A federal judge revealed more about her reasoning in finding Paul Manafort had lied about his contacts with his Russian associate and that Konstantin Kilimnik was pertinent to special counsel Robert Mueller’s investigation for multiple reasons, according to a newly released redacted transcript Friday of a sealed court hearing earlier this week.
During the hearing, US District Judge Amy Berman Jackson found that Manafort had “intentionally” lied to the federal government by saying he had ended a discussion he and his colleague Kilimnik had in August 2016 over an issue that appears to relate to Ukraine and sanctions.
Manafort’s “concessions comes in dribs and drabs, only after it’s clear that the Office of Special Counsel already knew the answer,” Jackson said. “Again, it’s part of a pattern of requiring the Office of Special Counsel to pull teeth; withholding facts if he can get away with it.”
Jackson acknowledges that whether or not Kilimnik was a Russian spy, as prosecutors have suggested, he’s still significant to the Mueller investigation because he was a link between the Russian government and the Trump campaign, which Mueller was tasked to investigate.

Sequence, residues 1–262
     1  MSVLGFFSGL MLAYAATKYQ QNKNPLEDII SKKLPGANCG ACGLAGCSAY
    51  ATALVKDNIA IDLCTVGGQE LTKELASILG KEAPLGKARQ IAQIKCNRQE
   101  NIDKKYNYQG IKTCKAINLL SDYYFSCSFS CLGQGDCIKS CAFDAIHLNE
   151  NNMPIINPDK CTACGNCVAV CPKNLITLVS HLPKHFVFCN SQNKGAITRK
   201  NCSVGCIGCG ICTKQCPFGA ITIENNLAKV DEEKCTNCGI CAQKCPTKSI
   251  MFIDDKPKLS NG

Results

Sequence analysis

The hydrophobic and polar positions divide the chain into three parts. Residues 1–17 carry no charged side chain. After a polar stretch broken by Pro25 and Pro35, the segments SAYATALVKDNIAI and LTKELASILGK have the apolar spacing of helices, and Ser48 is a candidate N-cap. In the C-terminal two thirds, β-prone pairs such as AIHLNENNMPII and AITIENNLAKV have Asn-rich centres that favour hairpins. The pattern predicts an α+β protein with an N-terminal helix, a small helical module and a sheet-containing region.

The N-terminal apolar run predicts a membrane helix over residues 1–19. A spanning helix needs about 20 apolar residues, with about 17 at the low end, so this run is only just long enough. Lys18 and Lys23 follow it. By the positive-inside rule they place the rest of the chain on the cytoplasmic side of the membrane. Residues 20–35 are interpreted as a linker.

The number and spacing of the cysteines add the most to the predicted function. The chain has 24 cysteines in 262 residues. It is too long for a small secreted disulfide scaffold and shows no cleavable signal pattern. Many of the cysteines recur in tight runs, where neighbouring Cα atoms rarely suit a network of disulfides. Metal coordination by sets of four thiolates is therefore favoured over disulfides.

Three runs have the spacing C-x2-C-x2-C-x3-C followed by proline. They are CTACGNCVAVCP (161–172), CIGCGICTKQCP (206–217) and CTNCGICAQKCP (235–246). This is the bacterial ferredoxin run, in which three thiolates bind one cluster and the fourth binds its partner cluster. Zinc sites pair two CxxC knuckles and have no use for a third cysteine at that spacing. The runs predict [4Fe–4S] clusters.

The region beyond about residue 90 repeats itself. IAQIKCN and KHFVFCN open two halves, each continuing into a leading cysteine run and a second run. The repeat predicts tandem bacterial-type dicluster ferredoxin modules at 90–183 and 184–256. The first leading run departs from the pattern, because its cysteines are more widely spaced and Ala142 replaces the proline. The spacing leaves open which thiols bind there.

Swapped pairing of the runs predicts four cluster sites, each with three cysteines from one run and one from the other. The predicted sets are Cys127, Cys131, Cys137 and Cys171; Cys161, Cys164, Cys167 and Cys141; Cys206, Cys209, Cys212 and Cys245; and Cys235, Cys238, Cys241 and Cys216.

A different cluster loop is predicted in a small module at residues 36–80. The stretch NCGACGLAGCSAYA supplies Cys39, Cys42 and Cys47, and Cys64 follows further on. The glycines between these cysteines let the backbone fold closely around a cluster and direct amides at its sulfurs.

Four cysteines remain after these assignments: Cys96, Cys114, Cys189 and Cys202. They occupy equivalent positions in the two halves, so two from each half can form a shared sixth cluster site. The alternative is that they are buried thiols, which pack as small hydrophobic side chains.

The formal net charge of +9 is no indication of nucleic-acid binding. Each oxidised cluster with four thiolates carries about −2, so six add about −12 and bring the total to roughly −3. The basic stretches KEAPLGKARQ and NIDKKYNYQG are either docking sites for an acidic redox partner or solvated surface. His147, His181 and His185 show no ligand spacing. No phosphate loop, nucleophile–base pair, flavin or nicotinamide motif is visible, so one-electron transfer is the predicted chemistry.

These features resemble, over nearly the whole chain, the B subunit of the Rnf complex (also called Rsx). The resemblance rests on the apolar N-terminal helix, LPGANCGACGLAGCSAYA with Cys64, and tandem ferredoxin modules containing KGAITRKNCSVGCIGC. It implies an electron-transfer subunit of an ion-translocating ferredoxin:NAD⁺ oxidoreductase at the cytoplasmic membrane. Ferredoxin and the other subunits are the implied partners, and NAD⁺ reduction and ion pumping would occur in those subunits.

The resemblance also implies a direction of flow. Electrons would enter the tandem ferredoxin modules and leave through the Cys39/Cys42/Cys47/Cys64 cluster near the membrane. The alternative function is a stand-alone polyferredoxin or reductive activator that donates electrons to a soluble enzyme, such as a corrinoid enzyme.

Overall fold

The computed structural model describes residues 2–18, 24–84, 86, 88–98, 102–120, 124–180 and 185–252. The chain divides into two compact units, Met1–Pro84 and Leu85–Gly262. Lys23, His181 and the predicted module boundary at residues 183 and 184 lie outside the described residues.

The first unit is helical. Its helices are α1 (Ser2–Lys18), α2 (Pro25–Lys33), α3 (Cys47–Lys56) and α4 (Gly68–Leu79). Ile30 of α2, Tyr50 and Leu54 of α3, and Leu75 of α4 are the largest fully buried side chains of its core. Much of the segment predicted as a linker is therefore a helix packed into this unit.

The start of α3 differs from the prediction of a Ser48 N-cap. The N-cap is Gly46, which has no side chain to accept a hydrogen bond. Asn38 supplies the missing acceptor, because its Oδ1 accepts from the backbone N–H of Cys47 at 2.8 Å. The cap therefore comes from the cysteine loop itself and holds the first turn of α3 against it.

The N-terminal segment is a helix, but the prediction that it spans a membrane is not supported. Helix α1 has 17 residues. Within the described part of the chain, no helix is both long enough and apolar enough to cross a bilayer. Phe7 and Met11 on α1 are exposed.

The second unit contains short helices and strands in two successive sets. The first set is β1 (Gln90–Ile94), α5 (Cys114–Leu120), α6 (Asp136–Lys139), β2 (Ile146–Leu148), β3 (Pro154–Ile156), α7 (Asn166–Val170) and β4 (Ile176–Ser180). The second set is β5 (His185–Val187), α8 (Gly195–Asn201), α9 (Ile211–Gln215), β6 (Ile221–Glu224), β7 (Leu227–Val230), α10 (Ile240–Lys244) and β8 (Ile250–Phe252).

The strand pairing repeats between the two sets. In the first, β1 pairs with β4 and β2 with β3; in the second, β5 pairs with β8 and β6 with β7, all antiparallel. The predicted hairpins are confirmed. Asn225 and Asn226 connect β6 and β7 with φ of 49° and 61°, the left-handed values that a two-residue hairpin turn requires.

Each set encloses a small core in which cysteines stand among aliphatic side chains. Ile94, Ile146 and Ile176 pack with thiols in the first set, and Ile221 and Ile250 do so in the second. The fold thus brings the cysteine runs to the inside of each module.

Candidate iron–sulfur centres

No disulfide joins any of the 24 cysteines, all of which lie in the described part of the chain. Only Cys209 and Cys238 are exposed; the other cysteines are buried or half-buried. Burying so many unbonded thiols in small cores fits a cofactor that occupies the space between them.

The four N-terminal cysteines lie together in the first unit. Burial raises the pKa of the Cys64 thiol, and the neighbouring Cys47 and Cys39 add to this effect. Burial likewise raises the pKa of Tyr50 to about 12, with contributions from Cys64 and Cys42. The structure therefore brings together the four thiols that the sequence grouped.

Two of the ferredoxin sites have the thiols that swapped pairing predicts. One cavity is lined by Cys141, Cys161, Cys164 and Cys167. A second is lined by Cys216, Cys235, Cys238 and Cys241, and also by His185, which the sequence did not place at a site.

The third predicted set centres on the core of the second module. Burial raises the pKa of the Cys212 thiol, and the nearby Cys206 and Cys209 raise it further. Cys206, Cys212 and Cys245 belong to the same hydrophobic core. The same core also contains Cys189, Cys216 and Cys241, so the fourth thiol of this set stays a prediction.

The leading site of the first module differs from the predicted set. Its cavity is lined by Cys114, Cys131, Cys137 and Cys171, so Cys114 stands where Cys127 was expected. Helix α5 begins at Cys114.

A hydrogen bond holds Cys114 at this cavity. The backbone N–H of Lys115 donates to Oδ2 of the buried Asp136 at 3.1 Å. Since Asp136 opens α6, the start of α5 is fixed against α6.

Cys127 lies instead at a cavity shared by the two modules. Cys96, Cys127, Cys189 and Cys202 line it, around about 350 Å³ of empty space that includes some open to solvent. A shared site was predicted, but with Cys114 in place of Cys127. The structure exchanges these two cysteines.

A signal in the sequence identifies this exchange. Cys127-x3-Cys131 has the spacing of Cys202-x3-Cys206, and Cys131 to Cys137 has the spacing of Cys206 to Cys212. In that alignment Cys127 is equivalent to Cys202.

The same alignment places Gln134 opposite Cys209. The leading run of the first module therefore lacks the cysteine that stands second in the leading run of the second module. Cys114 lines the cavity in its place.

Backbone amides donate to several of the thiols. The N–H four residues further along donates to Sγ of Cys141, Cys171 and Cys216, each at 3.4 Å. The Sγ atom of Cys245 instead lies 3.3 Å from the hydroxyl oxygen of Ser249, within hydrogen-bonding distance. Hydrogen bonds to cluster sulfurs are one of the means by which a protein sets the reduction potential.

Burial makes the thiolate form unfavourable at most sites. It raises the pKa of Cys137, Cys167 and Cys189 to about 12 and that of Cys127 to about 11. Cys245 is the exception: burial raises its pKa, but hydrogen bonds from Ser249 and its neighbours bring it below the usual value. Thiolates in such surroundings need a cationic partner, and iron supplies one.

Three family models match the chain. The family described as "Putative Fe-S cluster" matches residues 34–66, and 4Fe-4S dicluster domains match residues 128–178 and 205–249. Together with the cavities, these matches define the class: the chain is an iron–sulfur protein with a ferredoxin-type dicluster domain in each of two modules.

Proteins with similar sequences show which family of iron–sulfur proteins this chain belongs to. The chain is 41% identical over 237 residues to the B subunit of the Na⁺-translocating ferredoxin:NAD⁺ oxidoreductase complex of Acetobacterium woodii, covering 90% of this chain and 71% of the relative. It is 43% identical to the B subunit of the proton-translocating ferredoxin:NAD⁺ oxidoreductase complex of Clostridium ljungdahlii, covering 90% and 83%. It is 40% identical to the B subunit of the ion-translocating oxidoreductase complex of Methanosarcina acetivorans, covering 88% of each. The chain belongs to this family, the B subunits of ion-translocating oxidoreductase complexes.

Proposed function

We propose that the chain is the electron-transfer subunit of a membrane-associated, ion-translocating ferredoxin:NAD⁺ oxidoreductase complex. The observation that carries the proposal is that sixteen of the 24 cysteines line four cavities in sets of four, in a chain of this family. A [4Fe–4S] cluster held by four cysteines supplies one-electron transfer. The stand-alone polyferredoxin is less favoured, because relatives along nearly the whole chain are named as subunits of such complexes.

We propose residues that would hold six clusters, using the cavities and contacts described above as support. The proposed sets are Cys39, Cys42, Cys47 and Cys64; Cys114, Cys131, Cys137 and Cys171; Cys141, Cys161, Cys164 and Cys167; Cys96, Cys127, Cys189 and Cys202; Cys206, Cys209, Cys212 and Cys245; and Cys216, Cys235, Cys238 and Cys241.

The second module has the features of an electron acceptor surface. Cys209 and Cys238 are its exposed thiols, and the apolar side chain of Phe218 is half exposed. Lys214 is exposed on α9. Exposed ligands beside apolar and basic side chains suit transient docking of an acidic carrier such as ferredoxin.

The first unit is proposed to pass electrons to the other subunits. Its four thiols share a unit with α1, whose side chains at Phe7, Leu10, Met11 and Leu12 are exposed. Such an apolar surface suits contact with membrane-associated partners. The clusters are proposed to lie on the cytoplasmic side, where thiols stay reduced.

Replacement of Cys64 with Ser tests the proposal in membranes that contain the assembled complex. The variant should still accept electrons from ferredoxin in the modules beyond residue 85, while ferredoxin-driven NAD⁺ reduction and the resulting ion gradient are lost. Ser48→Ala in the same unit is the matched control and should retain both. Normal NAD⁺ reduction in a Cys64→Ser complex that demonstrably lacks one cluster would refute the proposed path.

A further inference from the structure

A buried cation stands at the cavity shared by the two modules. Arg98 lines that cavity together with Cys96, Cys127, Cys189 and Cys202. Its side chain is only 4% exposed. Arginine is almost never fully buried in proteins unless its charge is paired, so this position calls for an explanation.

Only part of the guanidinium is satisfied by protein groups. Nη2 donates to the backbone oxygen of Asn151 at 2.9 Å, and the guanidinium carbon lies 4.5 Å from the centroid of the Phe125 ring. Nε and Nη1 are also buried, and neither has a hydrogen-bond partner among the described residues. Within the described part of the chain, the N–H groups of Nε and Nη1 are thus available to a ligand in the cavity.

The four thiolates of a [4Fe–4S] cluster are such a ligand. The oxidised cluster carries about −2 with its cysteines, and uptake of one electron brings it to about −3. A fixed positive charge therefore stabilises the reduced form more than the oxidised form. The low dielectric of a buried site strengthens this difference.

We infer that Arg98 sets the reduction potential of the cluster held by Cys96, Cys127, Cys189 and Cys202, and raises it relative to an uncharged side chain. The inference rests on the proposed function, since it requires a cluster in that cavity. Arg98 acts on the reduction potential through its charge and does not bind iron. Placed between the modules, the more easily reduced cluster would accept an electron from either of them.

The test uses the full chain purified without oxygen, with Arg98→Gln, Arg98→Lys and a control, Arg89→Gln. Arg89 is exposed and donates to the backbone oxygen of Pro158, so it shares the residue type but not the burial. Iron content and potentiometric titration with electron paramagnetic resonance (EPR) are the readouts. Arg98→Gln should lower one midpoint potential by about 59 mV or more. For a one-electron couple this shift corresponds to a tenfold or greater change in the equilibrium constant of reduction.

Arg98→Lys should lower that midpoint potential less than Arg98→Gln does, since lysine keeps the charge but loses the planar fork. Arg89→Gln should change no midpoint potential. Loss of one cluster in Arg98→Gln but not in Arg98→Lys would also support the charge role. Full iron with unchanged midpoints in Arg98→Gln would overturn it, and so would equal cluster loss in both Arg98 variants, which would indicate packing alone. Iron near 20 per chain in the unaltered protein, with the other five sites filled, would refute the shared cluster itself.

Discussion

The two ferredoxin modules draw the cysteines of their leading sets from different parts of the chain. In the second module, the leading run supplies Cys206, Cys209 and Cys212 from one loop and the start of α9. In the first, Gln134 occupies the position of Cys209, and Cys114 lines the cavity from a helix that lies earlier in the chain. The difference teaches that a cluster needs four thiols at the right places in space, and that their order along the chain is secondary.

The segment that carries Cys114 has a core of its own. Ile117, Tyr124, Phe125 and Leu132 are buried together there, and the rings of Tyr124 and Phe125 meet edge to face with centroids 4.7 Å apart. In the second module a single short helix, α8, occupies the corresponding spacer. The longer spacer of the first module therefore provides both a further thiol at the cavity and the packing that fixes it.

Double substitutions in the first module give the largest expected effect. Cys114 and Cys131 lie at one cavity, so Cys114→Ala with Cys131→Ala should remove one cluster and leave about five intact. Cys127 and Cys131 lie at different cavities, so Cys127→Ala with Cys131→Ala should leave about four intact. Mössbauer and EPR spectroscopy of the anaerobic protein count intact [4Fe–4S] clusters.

Jackson said many of Manafort’s lies revolved around his “relationship or communications” with Kilimnik. “This is a topic at the undisputed core of the Office of Special Counsel’s investigation,” she said. (Jackson said she couldn’t determine if he was a spy because she hadn’t been given evidence on it.)
Prosecutors previously alleged that Kilimnik had ties to the Russian military intelligence service the GRU, while the defense team argued that was not significant because he was also in touch with the US State Department.
“The intelligence reference was just one factor in a series of factors the prosecutor listed,” Jackson said.
Jackson also appears to think that Mueller’s office knows of additional contacts Manafort had with the Trump administration in 2017 and 2018 – another topic they discussed at the hearing – outside of the interactions prosecutors alleged he had lied about. The judge decided he didn’t intentionally mislead the prosecutors about contact he may have sought with administration officials.
“If there were other contacts of concern to the Office of Special Counsel, as counsel seem to allude to at the hearing, they haven’t been brought to my attention in this proceeding and they don’t bear and can’t bear on my decision,” she said.